Polymer-based Energy Materials Lab
Soojin Park (Chemistry)
Next-generation batteries are expected to do more than merely last longer and ensure safety. With the emergence of wearable devices and foldable displays, batteries also need to become thinner and have the ability to be folded. This has spurred the development of such special batteries as skin-attachable batteries and lens-type batteries.
The Polymer-based Energy Materials Laboratory led by professor Soojin Park at the Department of Chemistry, POSTECH, is committed to the research and development of polymer-based battery materials for smartphones, laptops, and electric vehicles as well as batteries that cater to the needs of next-generation devices. One of its most noteworthy research outcomes was published in the internationally-acclaimed journal of ‘Advanced Functional Materials’ to explain the development of ‘batteries that stretch’ like rubber with no compromise on performance.
Other remarkable research achievements include ultra-thin lens-like batteries and paper-like foldable batteries. Specifically, foldable batteries were fabricated by replacing the solid aluminum and copper normally used in the production of batteries with polymer nano materials whose components are similar to PET bottles. These foldable batteries maintain their performance even after being folded and unfolded 1,000 times, and in fact, do not even break when stricken with a hammer.
Furthermore, research is underway on high-capacity anodes, various silicon materials, and protective layers for high-capacity lithium metal anodes as a way to improve battery performance. The lithium-ion batteries we see mounted on smartphones and electric vehicles operate when lithium ions and electrons shuttle between the cathode and the anode surrounded by electrolyte, which enables the flow of current. The capacity of anodes and cathodes determines the amount of lithium ions and electrons being transferred, and this serves as a direct indication of the battery capacity. The natural or synthetic graphite that is presently used as the anodes for EVs does not allow for quick charging, and this highlights the need to develop alternative materials that support this critical capability.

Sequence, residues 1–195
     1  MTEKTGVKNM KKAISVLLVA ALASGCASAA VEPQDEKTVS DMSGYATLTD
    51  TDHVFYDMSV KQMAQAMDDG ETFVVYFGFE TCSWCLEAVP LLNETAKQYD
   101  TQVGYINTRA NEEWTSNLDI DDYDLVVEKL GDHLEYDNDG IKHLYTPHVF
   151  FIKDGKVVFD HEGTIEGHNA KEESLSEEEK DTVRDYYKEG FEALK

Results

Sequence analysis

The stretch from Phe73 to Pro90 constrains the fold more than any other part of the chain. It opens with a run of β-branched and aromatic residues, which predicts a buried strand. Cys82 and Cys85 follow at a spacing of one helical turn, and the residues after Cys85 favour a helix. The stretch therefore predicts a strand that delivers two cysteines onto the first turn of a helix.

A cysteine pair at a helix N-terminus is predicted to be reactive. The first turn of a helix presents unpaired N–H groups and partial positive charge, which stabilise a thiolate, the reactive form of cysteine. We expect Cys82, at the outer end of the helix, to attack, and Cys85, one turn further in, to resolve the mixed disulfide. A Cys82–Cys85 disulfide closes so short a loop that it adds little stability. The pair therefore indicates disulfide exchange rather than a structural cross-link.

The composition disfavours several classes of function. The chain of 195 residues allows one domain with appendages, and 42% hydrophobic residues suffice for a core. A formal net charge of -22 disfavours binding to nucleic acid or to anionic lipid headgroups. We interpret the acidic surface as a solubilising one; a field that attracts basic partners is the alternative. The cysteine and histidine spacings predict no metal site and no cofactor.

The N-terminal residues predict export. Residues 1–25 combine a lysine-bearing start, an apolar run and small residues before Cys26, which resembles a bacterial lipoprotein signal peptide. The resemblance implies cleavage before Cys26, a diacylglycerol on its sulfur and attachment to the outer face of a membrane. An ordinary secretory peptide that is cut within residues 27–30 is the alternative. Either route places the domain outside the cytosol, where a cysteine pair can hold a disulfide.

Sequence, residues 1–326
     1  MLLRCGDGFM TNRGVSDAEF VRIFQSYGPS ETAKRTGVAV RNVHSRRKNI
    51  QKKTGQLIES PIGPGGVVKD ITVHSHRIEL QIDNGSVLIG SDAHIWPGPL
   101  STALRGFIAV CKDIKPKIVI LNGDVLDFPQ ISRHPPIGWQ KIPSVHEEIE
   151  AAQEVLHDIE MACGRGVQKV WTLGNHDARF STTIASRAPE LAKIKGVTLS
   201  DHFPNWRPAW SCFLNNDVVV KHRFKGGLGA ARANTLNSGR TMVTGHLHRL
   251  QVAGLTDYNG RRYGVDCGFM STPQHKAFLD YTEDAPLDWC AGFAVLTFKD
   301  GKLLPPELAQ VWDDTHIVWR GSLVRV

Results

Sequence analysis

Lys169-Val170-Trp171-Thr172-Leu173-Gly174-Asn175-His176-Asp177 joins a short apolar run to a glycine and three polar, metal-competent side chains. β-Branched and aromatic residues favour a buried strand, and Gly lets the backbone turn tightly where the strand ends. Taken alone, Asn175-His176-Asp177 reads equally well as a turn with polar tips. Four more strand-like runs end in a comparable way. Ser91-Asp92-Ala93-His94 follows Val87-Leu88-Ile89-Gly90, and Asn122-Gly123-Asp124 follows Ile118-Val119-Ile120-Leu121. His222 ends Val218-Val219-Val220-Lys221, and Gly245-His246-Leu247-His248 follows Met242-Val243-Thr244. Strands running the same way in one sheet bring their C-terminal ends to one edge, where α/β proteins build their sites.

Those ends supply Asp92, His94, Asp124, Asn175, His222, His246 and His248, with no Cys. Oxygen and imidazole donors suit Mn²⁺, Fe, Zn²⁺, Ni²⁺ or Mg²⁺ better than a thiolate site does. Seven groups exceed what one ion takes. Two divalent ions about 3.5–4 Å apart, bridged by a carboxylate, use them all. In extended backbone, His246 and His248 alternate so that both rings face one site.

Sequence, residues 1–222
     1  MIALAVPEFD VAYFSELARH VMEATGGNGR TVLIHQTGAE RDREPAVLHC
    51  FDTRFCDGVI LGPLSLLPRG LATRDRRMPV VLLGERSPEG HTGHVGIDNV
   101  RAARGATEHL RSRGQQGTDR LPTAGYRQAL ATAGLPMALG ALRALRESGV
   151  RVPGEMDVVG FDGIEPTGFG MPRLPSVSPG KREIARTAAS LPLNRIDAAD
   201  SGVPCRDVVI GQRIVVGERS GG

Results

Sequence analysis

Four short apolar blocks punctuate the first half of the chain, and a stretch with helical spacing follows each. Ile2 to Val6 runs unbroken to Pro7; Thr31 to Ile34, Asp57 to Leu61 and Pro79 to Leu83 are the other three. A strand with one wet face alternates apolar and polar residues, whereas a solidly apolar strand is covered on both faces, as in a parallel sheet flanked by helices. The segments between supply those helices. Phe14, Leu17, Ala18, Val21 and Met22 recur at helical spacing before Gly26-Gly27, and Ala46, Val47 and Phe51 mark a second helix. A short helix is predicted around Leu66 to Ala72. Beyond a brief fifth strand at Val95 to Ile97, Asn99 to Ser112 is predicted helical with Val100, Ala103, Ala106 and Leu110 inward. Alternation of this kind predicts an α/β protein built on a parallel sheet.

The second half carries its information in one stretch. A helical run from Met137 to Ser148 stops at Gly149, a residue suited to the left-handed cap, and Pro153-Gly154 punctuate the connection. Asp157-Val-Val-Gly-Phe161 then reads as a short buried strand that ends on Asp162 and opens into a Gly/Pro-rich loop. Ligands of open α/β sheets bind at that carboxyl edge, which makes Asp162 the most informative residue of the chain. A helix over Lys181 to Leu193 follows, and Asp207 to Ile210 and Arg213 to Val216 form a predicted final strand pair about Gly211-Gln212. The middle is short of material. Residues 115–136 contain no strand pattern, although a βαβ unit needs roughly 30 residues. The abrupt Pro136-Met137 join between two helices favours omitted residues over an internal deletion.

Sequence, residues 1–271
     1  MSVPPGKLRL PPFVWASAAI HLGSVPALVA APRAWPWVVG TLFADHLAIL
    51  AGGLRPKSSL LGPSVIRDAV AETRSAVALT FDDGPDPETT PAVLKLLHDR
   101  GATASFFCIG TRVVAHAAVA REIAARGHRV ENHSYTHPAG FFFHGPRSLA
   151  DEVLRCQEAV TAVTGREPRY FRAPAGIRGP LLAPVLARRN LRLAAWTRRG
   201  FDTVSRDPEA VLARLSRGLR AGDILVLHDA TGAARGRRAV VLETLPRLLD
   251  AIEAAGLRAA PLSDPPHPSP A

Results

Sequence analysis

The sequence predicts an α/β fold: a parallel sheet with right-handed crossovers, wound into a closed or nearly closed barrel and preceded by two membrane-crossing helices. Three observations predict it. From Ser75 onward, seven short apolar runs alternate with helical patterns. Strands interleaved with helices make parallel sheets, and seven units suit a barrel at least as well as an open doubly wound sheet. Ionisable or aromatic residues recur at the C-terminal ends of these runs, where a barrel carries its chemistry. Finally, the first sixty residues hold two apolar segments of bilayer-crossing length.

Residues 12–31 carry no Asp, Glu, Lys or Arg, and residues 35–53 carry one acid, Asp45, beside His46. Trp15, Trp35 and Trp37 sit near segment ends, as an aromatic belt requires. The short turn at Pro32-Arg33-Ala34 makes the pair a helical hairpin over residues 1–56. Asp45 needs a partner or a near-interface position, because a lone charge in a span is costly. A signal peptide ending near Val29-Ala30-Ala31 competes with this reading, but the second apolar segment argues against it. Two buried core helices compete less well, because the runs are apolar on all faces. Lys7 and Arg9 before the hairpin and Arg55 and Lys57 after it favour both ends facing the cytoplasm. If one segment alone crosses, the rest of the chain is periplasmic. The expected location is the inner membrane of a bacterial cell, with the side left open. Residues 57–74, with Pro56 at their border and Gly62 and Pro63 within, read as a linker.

The Polymer-based Energy Materials Laboratory is engaged in comprehensive polymer-based battery research, from meeting the needs of the present battery industry to researching next-generation batteries. The Lab has published more than 15 papers on average each year, steadily generating research outcomes. Several of these research papers are featured in the top 10% ranked academic journals and three to four of them are published by the top 3% ranking journals.
Today, the battery market is posting a CAGR of 25% and is forecast to override the memory semiconductor market in size by 2025. Both large businesses and academics are keenly interested in this specific field and its research requires a multi-faced approach, which allows researchers to take the initiative in their research work. Professor Park commented that “It is not research in and of itself that is solely important, but also its ability to meet the moment in real-life situations that gives scientists a greater sense of accomplishment”. Park also added that “One of the unique strengths of our Lab is that researchers can continue their work all the way to commercialization in industrial settings”.
Head of Lab
Chemistry Building 102